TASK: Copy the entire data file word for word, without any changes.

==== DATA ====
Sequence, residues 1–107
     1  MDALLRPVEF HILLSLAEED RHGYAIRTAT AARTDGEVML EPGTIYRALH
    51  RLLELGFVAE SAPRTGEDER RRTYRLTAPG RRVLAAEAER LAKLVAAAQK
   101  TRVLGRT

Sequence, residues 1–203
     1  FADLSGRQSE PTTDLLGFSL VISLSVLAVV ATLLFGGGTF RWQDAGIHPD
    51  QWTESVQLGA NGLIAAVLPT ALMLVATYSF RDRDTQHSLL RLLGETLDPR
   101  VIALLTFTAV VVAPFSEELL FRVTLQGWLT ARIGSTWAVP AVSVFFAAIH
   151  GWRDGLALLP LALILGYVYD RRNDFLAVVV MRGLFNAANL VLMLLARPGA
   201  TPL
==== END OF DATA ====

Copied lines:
Sequence, residues 1–107
     1  MDALLRPVEF HILLSLAEED RHGYAIRTAT AARTDGEVML EPGTIYRALH
    51  RLLELGFVAE SAPRTGEDER RRTYRLTAPG RRVLAAEAER LAKLVAAAQK
   101  TRVLGRT

Sequence, residues 1–203
     1  FADLSGRQSE PTTDLLGFSL VISLSVLAVV ATLLFGGGTF RWQDAGIHPD
    51  QWTESVQLGA NGLIAAVLPT ALMLVATYSF RDRDTQHSLL RLLGETLDPR
   101  VIALLTFTAV VVAPFSEELL FRVTLQGWLT ARIGSTWAVP AVSVFFAAIH
   151  GWRDGLALLP LALILGYVYD RRNDFLAVVV MRGLFNAANL VLMLLARPGA
   201  TPL